Have you ever been around truly exuberant people? They just seem to overflow with enthusiasm. They’re continually coming up with new ideas and plans, and they are super excited about trying to get you to come along on their adventure. Chances are that they love-love-love everything—people, food, music, travel, nature—and they always seem ready to celebrate anything, no matter how small. An exuberant person might be a big dreamer, a change-maker, a cheerleader, or all of the above.
And if you aren’t a particularly exuberant person yourself, you might feel inspired—and perhaps a little worn out–after spending time with them.
Some people just seem to embody a big energy for life. Jesus’ disciple Peter was a person like that. You probably remember him as the one who couldn’t keep his thoughts to himself, who didn’t have a particularly good filter, and who would regularly blurt out comments that sometimes drew approval—and sometimes derision—from Jesus.
Peter was one of the first disciples Jesus called out to as he walked along the Sea of Galilee that day in the beginning of his ministry. Peter and his brother Andrew—who would later be known as the shy disciple—were casting their nets into the sea and Jesus walked by and said, “Follow me, and I will make you fish for people.” Immediately, the story tells us, they left their nets and followed him. Isn’t that a remarkable thing? What do you think you would have done that day, busy earning your living, focusing on what was in front of you, when a stranger walks by and says, “Hey, come with me and change your life.” As I think about that scene, I imagine that Peter and Andrew must have felt something remarkable, something that told them this man—with his words, his eyes, his presence, his energy—this man was more real and more pure than anyone else they’d ever met. Perhaps he was the one they’d been waiting for. Whatever it was, they didn’t even for a moment hesitate. He invited them, and they went.
They were soon joined by another pair of brothers, James and John, who some scholars believe may have been their partners in a local fishing business. Jesus also calls to them, and they drop everything and come along, leaving their father, sitting in the boat. These first four disciples would become a kind of “inner circle” for Jesus; they were invited along for some of the most transformative moments in his ministry, including the Transfiguration—when Jesus was changed on the mountaintop as he talked with Moses and Elijah—and Jesus’ night of agonized prayer in the Garden of Gethsemane. When the soldiers came to arrest Jesus at daybreak the next day, it was impulsive Peter who cut off the soldier’s ear with his sword.
Throughout the gospel accounts, Peter is the impetuous, unrestrained one. He regularly speaks for the disciples as a group and is often the only one listed by name in descriptions of events. He is impulsive and exuberant. He says what he thinks. He risks being wrong—and often is. He passionately speaks and acts and loves and believes. He pushes back on parables, he questions decisions, he confidently claims his faith will stand up to any challenge.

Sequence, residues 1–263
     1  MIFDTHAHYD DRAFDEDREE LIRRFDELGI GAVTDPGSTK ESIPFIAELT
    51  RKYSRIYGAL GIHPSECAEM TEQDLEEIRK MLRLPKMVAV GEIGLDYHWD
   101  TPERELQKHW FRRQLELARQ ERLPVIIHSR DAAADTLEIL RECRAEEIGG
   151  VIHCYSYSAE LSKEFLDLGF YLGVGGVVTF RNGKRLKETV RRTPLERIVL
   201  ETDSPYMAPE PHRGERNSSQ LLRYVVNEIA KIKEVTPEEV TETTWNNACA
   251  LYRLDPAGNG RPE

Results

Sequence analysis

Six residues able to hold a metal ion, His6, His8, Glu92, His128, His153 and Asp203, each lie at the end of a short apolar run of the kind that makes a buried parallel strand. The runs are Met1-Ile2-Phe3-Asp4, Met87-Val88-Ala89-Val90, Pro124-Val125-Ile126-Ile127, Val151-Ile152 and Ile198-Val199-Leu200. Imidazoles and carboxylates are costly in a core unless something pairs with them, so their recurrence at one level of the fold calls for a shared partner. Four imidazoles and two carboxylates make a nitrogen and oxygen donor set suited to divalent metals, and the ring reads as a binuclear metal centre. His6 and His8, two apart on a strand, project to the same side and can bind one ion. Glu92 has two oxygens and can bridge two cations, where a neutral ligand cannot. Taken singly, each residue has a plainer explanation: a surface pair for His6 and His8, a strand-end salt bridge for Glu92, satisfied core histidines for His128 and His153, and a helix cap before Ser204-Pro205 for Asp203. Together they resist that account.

That is, until it doesn’t.
In our New Testament reading today, we see what I think of as the best of Peter—his exuberant heart of faith that is willing to leap into action without a second thought. After what must have been an exhausting day of feeding five thousand hungry people on the hillside with only five loaves and two fish, Jesus sends the disciples off in a boat to cross to the other side of the Sea of Galilee while he hikes back up the mountainside to pray alone through the night.
Under the cover of darkness, the winds on the sea grow fierce and the disciples are struggling, rowing hard and getting nowhere. The story says they were “battered by the waves.” They had tried their hardest but made little progress, out beyond the reach of land, when in the early morning light, they see a figure coming toward them across the water. They are terrified, thinking it’s a ghost. Richard Foster’s commentary tells us here that in that time the Jewish people believed that bodies of water were dwelling places of spirits and demons. That adds even more weight to the shocking sight of seeing a figure walking toward them across the waves.
It also says something about Peter’s high level of trust, that he was able to do what he does next.
When he hears Jesus’ voice, reassuring the frightened disciples in the boat—“Take heart, it is I; do not be afraid,” Jesus says—Peter stood up in the boat and said, “Lord, if it is you, command me to come to you on the water.” Jesus simply said, “Come,” and Peter was out of the boat, stepping high across the waves, moving quickly toward Jesus.